Gov. Chris Christie’s high-powered pension commission has proposed a sweeping plan that would save the state billions in retirement and health care costs while reducing benefits for hundreds of thousands of public workers.
The commission says New Jersey needs to drastically change its pension and health plans. Christie’s budget address will launch the complex proposal, which he’ll hold up as the answer to a $37 billion unfunded pension liability — which balloons to $83 billion under new accounting rules — and $53 billion in unfunded health care liability.
Christie, who once declared that his 2011 pension reform package had saved the system, has taken to saying they didn’t go far enough.
His bipartisan panel agreed and said in the report that New Jersey’s future without a meaningful overhaul is “bleak” and “burdensome.” Any delay, the commission warned, and the system will be beyond repair.
“We recognize that there are elements of this approach that are likely to be unpopular at first, but believe in time they will be viewed as the best way to move forward,” the report said. “The need for urgency in adopting a solution cannot be overstressed. The already narrow window for a reasonable solution is closing fast.”
Unlike the 2011 reforms, which left the pension system intact while making changes to employer and employee contributions, the commission’s far-reaching recommendations include freezing that plan and moving active public employees onto a hybrid of a traditional defined-benefit pension plan and a 401(k)-like defined-contribution plan.
That change is part of a scheme that calls for less expensive health care plans and for employees to pick up a larger share of their health insurance costs. The state’s health care savings would be recycled into closing the gap in pension funding.
Perhaps the report’s biggest bombshell is the proposal to freeze the existing state and local pension plans and move workers onto a so-called “cash balance” defined-pension plan.
Freezing the existing pension system would save the state and local government more than $2 billion in a single year. The cash balance plan would cost the state and local governments $1.23 billion a year, based on $26.6 billion in combined payroll.
Employees who are now under the traditional pension plan would not be able to accrue more benefits, their existing benefits are protected, and the state must continue to make payments on it.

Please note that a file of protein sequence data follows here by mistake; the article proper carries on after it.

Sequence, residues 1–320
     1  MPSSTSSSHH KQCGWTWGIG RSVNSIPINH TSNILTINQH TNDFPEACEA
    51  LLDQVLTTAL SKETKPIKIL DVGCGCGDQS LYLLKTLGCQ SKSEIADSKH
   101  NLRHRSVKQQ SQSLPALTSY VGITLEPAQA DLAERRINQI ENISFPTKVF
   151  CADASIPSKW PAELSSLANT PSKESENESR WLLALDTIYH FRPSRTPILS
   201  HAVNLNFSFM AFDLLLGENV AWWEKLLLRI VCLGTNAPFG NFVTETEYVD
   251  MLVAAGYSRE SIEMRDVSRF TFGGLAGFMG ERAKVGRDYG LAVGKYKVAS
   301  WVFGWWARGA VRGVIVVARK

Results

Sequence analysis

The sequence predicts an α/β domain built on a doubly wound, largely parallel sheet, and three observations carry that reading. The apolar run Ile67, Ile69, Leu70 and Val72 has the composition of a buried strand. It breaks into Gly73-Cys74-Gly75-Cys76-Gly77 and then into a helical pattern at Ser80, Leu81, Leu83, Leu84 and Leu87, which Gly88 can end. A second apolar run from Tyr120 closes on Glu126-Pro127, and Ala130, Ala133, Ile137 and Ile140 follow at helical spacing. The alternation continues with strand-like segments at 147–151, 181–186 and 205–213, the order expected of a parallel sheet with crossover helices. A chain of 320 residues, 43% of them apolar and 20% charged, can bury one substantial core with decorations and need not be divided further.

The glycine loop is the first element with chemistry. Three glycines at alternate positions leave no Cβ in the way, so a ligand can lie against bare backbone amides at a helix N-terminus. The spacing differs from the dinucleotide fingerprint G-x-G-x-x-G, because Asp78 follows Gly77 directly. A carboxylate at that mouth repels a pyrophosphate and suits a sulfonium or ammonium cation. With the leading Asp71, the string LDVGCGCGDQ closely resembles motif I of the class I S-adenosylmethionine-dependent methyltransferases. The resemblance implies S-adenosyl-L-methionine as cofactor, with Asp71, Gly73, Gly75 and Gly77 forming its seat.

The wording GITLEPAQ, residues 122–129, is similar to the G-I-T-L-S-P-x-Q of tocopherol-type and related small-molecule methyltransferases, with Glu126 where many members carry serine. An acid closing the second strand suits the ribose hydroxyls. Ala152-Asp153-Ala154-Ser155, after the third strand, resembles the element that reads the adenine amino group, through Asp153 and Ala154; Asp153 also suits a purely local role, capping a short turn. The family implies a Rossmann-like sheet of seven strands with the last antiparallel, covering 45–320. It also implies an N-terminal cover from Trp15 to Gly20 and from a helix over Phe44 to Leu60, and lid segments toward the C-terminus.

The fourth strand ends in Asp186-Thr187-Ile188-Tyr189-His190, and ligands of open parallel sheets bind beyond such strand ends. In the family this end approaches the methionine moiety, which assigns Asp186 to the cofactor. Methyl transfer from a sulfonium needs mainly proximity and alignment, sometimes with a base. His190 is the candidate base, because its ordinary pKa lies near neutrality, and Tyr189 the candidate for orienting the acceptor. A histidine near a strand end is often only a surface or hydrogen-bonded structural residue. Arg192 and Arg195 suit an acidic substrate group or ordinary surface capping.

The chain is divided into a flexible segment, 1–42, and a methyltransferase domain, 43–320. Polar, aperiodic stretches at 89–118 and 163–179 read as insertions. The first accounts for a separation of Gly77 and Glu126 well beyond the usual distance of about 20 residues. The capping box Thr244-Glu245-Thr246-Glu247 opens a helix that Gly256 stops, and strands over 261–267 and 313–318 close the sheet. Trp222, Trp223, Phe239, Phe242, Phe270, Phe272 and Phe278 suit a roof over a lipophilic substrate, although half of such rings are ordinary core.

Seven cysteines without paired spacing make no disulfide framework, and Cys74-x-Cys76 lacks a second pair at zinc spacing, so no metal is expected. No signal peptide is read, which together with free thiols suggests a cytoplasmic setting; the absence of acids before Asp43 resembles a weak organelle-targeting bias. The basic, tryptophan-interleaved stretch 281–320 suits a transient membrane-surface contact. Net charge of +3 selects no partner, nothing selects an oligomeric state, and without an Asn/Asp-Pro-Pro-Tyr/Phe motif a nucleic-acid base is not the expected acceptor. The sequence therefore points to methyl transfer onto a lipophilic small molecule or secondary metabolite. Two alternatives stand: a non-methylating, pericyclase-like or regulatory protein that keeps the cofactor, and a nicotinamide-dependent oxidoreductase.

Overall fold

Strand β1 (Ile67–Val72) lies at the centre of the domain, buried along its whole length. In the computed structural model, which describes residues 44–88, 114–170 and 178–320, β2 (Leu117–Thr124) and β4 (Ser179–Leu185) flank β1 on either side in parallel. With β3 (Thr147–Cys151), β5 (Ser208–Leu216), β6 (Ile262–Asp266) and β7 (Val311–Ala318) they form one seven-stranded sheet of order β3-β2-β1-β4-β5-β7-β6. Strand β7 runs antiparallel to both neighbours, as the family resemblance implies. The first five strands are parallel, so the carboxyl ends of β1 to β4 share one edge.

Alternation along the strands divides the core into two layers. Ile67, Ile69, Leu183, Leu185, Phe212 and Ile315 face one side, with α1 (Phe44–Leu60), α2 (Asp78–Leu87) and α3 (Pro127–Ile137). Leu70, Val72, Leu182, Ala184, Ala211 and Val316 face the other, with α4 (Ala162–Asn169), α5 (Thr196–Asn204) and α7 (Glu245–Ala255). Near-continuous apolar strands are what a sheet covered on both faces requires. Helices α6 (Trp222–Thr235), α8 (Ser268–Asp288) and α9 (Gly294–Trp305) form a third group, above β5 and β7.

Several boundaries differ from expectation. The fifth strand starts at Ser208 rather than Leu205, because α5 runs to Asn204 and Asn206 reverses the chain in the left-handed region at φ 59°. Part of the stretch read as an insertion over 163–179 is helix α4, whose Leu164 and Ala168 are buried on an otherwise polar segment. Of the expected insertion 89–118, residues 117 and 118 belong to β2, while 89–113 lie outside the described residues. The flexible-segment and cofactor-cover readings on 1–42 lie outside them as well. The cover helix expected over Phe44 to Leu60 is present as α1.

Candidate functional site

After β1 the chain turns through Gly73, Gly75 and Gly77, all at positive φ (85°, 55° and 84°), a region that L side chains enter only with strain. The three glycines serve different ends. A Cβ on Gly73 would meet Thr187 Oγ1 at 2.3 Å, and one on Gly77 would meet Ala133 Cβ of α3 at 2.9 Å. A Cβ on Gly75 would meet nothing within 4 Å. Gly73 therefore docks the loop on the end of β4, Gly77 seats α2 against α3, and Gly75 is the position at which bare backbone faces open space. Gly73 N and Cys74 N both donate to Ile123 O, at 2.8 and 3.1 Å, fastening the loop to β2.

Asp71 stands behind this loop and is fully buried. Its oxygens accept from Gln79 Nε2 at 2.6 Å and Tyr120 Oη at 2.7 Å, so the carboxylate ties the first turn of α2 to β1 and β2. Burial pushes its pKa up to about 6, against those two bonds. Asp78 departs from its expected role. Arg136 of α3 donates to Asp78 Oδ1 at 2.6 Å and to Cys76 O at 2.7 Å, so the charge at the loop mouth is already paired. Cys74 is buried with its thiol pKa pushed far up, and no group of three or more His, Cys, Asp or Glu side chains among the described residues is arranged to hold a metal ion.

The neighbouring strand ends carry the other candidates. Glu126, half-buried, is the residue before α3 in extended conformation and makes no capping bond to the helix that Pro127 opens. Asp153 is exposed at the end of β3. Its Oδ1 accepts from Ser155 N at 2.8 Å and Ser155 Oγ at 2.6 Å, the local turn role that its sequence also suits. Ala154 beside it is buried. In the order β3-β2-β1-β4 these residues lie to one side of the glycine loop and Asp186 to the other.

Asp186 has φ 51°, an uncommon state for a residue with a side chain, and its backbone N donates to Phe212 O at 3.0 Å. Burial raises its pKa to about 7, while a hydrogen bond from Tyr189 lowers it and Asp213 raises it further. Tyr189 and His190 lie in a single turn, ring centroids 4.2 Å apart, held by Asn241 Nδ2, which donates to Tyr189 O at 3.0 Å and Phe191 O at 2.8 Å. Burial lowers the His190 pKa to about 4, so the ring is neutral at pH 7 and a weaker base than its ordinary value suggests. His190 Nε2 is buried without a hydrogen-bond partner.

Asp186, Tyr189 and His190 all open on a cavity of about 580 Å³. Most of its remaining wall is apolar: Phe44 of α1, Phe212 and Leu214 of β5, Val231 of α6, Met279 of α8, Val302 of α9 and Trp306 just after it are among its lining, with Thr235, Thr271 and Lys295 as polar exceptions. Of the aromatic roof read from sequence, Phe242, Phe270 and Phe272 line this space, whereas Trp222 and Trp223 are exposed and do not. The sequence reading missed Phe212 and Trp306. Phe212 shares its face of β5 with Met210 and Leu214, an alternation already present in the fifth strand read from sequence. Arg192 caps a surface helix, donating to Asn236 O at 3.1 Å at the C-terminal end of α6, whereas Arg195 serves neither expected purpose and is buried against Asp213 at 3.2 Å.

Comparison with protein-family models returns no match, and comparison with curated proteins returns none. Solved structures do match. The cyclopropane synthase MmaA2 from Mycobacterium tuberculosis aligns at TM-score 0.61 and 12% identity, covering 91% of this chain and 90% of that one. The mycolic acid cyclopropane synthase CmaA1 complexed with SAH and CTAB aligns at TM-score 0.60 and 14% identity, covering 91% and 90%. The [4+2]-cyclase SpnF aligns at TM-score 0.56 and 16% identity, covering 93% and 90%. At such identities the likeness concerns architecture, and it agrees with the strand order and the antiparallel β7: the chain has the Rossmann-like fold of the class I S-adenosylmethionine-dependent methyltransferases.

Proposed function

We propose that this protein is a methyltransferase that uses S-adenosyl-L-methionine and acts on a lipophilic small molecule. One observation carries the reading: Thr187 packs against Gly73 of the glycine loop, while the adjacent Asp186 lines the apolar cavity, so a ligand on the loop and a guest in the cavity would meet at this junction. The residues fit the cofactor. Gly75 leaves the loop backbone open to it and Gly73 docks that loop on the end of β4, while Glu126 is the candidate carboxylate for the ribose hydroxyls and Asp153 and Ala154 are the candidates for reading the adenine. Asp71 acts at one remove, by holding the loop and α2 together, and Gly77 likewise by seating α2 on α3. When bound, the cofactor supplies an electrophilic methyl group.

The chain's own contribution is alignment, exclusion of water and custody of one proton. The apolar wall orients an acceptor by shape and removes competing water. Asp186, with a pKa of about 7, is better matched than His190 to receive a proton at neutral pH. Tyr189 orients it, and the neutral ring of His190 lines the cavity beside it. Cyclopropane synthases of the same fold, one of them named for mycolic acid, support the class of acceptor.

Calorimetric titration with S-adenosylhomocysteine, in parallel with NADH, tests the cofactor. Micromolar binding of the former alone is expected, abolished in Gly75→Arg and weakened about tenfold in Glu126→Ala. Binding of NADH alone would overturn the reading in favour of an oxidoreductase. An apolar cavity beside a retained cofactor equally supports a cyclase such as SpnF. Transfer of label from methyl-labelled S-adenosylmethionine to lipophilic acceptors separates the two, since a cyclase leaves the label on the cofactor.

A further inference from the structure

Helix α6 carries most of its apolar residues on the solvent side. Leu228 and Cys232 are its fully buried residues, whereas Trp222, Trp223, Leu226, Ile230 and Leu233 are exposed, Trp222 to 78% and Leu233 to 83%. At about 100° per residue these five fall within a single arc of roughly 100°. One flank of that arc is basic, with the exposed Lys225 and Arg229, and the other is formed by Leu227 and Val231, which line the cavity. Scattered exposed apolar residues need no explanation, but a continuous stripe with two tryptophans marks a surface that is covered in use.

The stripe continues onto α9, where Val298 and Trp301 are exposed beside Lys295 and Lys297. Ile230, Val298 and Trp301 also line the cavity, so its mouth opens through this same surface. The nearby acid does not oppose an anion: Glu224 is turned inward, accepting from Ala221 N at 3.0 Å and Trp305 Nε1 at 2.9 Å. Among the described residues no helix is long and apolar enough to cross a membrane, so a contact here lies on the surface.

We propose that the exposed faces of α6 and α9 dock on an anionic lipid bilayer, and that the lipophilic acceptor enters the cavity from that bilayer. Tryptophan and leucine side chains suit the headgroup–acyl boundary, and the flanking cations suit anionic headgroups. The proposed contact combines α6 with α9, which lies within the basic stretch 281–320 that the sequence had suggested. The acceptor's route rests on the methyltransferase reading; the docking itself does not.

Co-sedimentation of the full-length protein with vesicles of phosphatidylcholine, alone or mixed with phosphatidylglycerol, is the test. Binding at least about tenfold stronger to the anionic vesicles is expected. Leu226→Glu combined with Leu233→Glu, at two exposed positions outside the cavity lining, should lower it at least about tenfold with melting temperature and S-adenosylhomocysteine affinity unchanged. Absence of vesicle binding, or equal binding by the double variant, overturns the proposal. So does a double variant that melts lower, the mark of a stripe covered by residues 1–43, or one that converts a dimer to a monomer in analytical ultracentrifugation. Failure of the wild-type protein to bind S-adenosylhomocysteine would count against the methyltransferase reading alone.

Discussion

Like a defined-contribution, or 401(k), plan, an employee’s benefits would show as a lump sum in a “hypothetical” personal account, which is funded by employer and employee contributions and investment returns. But unlike a 401(k), employees can receive their benefits in lifetime payments determined by their balance.
As of 2005, nearly a quarter of private sector workers with defined-benefit pension plans were enrolled in cash balance plans, according to the U.S. Bureau of Labor Statistics.
The cash balance plan could be a boon to younger, newer employees who currently receive the lowest tier of benefits offered by the state. It would be less attractive to more tenured workers.
An Urban Institute study of a similar plan created last year in Kentucky found that employees with fewer years of service would receive higher benefits than under their traditional defined-benefit plan, and employees with “many years of service would receive less.”
Along with the retirement overhaul, the panel proposes health care cuts it characterizes as bringing benefits in line with what the private sector offers. That “significant reduction” in state and local costs is crucial to freeing up funding for the pension plans, the panel said.
Public employers pay, on average, 95 percent of an employee’s health care expenses, while the average employee pays 18 percent of premium costs. Benefits would be reduced, with the employer paying 80 percent of expenses and the average employee contribution to their premium increasing to 25 percent. Retirees would receive the lower level of coverage without having to kick in more.
The commission didn’t venture into choosing a new plan’s mix of deductibles, copays, coinsurance and other features.
“The commission’s proposal will mean changes for employees, but they will still end up in a good place and avoid the draconian cuts that would follow an attempt to fund the existing benefits,” commission Chairman Tom Healey said. “On health care, they will enjoy the same kind of benefits provided by quality private-sector employers.”